The M. tuberculosis oppD mutant was constructed by targeted mutagenesis using a temperature sensitive-sacB delivery system as described previously . Amplification of the oppD gene along with flanking regions was done in two steps to delete the conserved functional sites. In the first step a 948 bp fragment of oppD along with its upstream region was PCR amplified using the forward and reverse primers 5′- TAT ATC TAGAAC CGT TGA TCG CCA ACG G -3′ and reverse 5′- TAG AAT TCG AGA ACG GCT CGG CGA A -3′ respectively and cloned in pBluescript SK (Stratagene) between the XbaI and EcoRI sites (underlined) to generate pOppD101. In the second step, a 1037 bp fragment encoding the C-terminus of OppD along with the downstream flanking region was amplified using the forward and reverse primers 5′-ATG AAT TCG GCA GGA TCA GCA GCC CGG A-3′ and 5′-TAA AGC TTC TAG ATG CGC ACC GCC ATC-3′ respectively and cloned in pOppD101 between the EcoRI and HindIII sites (italicized) to generate pOppD102. pOppD102 was digested with XbaI and ligated with a kanamycin resistance gene excised from pUC4K to generate pOppD103. A 3.2 kb fragment containing the disrupted oppD along with the kanamycin resistance cassette was digested with XbaI and cloned into pPR27xylE which harbors the sacB and xylE genes  to generate pOppD104. The resulting vector, pOppD104 was electroporated into M. tuberculosis H37Rv and transformants were selected at 32°C on kanamycin plates. Single colonies were grown in broth at 32°C and then plated on sucrose plates at 39°C. The resulting colonies were analyzed by PCR and candidate oppD mutants were confirmed by Southern analysis.
Since the oppA gene is downstream of oppD, its expression was blocked in the OppD-KO. Complementation was therefore carried out with oppDA by constructing an integrating vector containing a hygromycin-resistance cassette along with a positive-selection L5 integrase cassette. The oppDA coding region of M. tuberculosis was PCR amplified in two fragments. The first fragment was amplified with the primer pair 5′-TAG AAT TCA TAT GAG CCC CCT GCT CGA-3′ (sense) and 5′-GGG GCG CAG CCT CGT CGC TGG CCA-3′ (antisense) and cloned between the sites EcoRI and SmaI sites of the vector pUC19 to generate the construct pOppD105. The second fragment was amplified with the primer pair 5′-GGG CAT CGC GTC TGC GCT CAG GGC GTC-3′ (sense) and 5′-TAT AAG CTT TCA GCG TCG CAT GAC CCC-3′ (antisense) and cloned between the SmaI and HindIII sites of pOppD105. The resulting construct pOppD106 was digested with NdeI and HindIII and the excised fragment containing the oppDA region was cloned under the hsp promoter of an E. coli- mycobacteria shuttle vector digested with the same enzymes to generate the construct pOppD107. hsp60–oppDA was excised with XbaI and HindIII and cloned between the same sites in pUC19 to generate pOppD108. The 3.7 kb Hyg-integrase cassette from pUC-HY-INT was cloned at the single HindIII site of pOppD108 to generate the integrating vector pOppD109. pOppD109 was electroporated into electrocompetent cells of the knockout strain in order to complement the mutant strain with a single copy of the wild type oppDA of M. tuberculosis. The presence of the oppDA gene was confirmed by PCR with oppDA-specific primers.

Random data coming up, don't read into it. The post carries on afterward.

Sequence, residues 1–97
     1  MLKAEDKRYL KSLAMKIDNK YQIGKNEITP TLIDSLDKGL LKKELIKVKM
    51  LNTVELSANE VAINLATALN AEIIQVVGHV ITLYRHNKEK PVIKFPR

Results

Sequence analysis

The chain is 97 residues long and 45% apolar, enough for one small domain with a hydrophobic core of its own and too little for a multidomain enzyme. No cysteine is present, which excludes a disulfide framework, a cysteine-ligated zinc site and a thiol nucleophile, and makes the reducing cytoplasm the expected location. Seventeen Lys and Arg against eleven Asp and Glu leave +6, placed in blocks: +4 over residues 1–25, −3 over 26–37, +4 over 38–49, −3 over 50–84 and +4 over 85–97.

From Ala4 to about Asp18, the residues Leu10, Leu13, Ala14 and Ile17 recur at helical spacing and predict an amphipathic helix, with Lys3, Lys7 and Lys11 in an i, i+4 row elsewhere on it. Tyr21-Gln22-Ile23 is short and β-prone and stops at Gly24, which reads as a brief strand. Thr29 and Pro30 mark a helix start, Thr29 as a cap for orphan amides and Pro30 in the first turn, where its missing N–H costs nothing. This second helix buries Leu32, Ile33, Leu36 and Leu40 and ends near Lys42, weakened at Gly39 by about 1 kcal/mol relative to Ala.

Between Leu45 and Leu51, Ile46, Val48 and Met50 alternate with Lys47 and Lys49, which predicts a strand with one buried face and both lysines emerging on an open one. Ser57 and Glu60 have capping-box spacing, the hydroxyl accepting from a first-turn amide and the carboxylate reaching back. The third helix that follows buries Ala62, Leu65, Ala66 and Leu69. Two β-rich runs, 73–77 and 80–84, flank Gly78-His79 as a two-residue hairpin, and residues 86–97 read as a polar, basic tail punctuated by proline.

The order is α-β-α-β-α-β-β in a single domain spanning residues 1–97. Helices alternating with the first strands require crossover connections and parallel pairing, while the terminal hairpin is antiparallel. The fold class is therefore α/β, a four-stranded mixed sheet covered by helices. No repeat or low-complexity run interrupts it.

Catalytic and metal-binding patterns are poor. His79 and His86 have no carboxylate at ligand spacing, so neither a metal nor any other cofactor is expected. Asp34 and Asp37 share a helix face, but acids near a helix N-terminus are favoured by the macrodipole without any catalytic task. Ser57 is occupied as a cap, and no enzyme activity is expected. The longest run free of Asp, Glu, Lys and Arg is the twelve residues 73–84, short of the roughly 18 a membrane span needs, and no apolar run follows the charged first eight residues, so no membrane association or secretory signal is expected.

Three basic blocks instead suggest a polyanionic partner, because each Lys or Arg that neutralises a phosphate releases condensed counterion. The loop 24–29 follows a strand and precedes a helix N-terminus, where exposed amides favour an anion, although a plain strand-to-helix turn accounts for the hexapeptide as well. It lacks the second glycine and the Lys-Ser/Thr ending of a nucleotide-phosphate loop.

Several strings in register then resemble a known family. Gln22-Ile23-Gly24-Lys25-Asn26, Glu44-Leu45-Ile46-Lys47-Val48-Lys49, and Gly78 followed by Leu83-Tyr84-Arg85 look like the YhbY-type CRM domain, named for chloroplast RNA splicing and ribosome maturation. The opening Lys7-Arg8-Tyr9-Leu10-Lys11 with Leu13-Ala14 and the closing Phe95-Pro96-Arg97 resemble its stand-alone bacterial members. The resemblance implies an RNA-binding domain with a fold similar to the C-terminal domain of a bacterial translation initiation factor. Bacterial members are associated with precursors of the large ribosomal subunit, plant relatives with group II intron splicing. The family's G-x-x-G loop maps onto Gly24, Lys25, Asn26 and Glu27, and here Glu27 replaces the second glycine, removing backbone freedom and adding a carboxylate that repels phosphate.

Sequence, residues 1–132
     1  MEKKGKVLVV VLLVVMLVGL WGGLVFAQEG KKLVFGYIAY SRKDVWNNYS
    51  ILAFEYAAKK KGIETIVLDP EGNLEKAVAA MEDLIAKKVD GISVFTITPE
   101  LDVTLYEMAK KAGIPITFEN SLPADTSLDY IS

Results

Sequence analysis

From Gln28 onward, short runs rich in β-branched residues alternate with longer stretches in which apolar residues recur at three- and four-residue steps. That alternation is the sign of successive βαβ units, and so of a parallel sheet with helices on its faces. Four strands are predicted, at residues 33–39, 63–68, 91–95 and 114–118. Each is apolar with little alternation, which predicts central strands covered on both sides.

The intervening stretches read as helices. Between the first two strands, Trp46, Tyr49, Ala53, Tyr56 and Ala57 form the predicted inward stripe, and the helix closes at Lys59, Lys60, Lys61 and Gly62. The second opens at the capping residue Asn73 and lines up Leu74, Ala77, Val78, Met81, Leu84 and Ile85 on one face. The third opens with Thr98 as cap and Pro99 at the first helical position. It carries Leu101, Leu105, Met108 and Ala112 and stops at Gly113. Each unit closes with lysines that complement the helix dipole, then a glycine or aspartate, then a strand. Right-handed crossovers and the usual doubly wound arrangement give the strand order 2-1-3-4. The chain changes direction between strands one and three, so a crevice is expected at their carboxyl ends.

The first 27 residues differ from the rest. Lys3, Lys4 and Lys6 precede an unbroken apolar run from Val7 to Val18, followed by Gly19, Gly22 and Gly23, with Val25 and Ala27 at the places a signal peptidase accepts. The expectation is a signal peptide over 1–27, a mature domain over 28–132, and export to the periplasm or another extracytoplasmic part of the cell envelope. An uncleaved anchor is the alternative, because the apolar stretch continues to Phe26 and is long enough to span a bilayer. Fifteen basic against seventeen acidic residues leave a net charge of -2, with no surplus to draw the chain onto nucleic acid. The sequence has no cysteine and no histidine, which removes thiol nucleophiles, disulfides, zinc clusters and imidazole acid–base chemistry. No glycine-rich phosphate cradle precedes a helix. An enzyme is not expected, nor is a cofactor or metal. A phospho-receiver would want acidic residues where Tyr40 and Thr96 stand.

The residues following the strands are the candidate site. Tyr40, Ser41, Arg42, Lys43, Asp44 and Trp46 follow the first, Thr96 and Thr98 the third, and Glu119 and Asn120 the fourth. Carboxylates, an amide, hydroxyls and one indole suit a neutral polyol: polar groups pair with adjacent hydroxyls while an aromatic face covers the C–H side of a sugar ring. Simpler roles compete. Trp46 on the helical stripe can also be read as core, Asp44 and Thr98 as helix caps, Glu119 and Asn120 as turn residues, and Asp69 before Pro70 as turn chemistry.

Differentiated THP-1 cells were plated in 96 well plates (105 cells/well). Wild type M. tuberculosis H37Rv or OppD-KO was grown in MB 7H9 medium supplemented with ADC and 0.05% Tween 80 for 2 days for getting a well dispersed culture having O.D.600 value between 0.2 and 0.4. Infection at the indicated MOI was done for 2 h; cells were washed twice with 1X RPMI to remove the unphagocytosed bacteria. For determination of CFUs, cells were solubilized in 0.06% SDS, lysates were serially diluted and plated. At the MOIs used, there was a linear relationship between the MOI and the actual number of bacteria infecting macrophages. Fresh medium was added to each well and medium was changed every day. Finally, cells were lysed with lysis buffer supplied with the cell death ELISA kit (Roche Applied Science). ELISA was performed according to the manufacturer's protocol.
Measurement of MG levels was performed as described by Rachman et al.  with some modifications. THP-1 cells were infected with wild type M. tuberculosis or the oppD knockout (OppD-KO) at an MOI of 20:1 for 2 h. One day after infection, THP-1 cells were scraped, harvested, washed twice with PBS, and lysed by sonication in PBS. Perchloric acid (PCA) (Merck) and o-phenylenediamine (Across) were added to a final concentration of 0.5 M and 5 mM, respectively. The mixture was incubated at 20°C for 24 h. The PCA precipitate was removed by centrifugation at 12,000×g. The supernatant was passed through a C18 solid phase extraction cartridge (Waters Sep-Pak C18 plus cartridge, Millipore), which had been flushed with 6–8 ml of acetonitrile and 6–8 ml of 10 mM KH2PO4 (pH 2.5). The sample was eluted from the cartridge with 4 ml acetonitrile (Sigma). The quinoxaline derivative of methylglyoxal (2-MQ) and the quinoxaline internal standard (5-MQ) (Across) were measured using an Adsorbosphere 25 cm C-18 column (4.6 mm internal diameter and 5 µm particle diameter) on a Waters chromatography system. The mobile phase was 68 vol% of 10 mM KH2PO4 (pH 2.5) and 32 vol% of acetonitrile. The analysis conditions were as follows: detector wavelength, 315 nm; mobile phase flow rate, 1.0 ml/min; typical sample size, 150 µl; and column temperature, 20°C. Duplicate injections of each sample were made. Samples were calibrated with a 2-MQ internal standard. The average retention times of 2-MQ and 5-MQ were 6.3 and 8.5 min, respectively. Increase in MG was determined by calculating the ratio of peak areas between cells with and without infection. The ratio was normalized with the ratio of the corresponding cell numbers.